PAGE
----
California Genealogy and History Archives
San Bernardino County and Riverside County
CHARLES M. BROWN of Redlands, San Bernardino County, has been actively associated with the fruit industry of California for nearly forty years, is one of its pioneer representatives in the Redlands district and has played an important part in the development of this important line of enterprise in the state. In short, his record is one the rebounds to his credit as a progressive business man and loyal and public-spirited citizen.
Charles Milton Brown was born in the State of Illinois, on the 12th of February, 1865, and is a son of Andrew Jackson Brown and Susan M. (Wallace) Brown, who were born and reared in Kentucky, where the father became an extensive farmer and owned many slaves, besides ' being prominent and influential in political affairs in the Blue Grass state prior to the Civil war. He met with severe financial reverses incidental to this war and finally removed to Illinois, where he and his wife passed the remainder of their lives. Named in honor of the famed warrior and statesman, General Andrew Jackson, he ever held to the political faith exemplified by his famous namesake, and was a staunch advocate of the principles of the democratic party.
In the public schools of Illinois, Charles M. Brown continued his studies until he had duly profited by the advantages of the high school at Carrollton, while through reading, study of economic matters and public affairs and long association with the practical duties and responsibilities of a constructive personal career, he has rounded out what may consistently be termed a liberal education. His childhood and early youth were compassed by the influence of the home farm, and in 18^, at the age of sixteen years, he went to Pioneer County, Nebraska, in which state he passed three years on the great cattle range. Long hours of arduous work were his portion in this connection, but the discipline gave him the hardiest of physical powers, the while the experience was one upon which he has since placed high value.
In 1883 Mr. Brown came to Riverside, California, and obtained employment with the firm of W. F. Coleman & Company, extensive dealers in fruits, with special attention given to the shipping of raisins and other California dried fruits. In the autumn of 1886 Mr. Brown was made manager of the firm's newly established branch house at Redlands, and later he was for seven years manager at this place for the Earl Fruit Company. He then initiated an independent business in the buying, packing and shipping of oranges, and this business he has since continued successfully without interruption. He is thus one of the pioneers in the citrus fruit industry in San Bernardino County, and the unsullied reputation that has ever been his constitutes a most fortuitous commercial asset. In addition to his individual operations in the buying and shipping of fruit Mr. Brown formed a partnership with B. W. Cave, under the firm name of Cave & Brown, and engaged in the buying and shipping of hay and grain.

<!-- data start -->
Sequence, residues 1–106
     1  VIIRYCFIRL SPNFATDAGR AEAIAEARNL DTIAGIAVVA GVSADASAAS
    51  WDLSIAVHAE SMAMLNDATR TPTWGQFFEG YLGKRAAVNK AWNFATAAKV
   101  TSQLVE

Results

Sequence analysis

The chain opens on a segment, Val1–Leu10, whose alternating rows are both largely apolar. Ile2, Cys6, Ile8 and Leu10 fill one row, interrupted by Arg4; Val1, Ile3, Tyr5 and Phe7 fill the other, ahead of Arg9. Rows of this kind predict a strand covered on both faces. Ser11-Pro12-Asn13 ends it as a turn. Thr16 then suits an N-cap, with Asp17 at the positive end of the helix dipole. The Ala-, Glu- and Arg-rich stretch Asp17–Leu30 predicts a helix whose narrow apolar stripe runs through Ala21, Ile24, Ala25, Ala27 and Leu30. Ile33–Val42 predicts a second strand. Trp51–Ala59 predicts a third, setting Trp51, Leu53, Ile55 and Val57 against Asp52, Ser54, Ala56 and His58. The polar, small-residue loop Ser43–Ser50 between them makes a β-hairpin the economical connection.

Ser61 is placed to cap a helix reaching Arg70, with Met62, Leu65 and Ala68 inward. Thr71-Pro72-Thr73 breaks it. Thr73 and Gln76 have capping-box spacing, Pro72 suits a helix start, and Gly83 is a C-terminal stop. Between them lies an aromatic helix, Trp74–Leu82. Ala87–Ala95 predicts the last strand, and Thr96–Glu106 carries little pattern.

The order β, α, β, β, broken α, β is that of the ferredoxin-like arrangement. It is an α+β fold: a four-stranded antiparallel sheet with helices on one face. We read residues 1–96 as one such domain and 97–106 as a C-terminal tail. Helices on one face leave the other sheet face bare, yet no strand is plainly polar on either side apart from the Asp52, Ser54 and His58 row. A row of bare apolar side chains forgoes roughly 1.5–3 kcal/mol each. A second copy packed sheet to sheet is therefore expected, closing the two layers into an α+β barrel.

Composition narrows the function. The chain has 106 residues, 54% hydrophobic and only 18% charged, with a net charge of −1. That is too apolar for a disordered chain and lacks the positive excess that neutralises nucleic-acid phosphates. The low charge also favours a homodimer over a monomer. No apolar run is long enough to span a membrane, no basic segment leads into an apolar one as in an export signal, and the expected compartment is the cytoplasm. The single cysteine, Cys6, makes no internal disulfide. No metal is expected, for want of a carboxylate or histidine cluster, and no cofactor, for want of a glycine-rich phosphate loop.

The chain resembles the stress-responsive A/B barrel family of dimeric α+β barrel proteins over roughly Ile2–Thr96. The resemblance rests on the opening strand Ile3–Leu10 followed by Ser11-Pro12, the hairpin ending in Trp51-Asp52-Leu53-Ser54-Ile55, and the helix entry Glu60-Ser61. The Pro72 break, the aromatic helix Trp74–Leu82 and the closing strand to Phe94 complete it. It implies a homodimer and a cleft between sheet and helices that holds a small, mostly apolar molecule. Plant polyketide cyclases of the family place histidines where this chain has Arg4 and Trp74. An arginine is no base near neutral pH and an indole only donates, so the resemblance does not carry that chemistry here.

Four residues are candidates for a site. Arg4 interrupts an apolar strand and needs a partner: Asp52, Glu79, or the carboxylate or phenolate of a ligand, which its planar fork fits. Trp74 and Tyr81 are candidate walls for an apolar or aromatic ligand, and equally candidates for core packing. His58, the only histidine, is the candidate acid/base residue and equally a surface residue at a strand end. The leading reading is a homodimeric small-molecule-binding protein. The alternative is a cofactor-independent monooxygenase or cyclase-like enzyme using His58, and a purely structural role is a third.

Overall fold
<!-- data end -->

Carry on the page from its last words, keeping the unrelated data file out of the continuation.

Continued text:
In the handling of California fruits Mr. Brown has long controlled a large and prosperous business, and he has selling agents in die principal cities and markets of forty-three states of the union. The facilities which he has provided and the effective service which he has given in connection with the distribution of California fruits have contributed in large measure to the success of fruit-growing in the Redlands district, and proved of value in furthering the industrial and commercial precedence of the state. In the firm, Brown, Ford & Yerxa, Mr. Brown has alliance with Messrs. Ford and Yerxa, of Imperial Valley, and is exclusive selling agent for the early vegetables and melons raised and bought by these representative business men of the famed Imperial Valley, the enterprise being one of great volume. During the period of the nation's participation in the World war Mr. Brown had large productive interests in the Imperial Valley and in response to the Government's call for cotton he there produced large crops of this essential product. He is one of the extensive orange-growers of San Bernardino County, as the owner of a fine ranch of sixty-four acres, with forty acres of producing Valencia orange trees and twenty-four acres devoted to the ever popular navel oranges.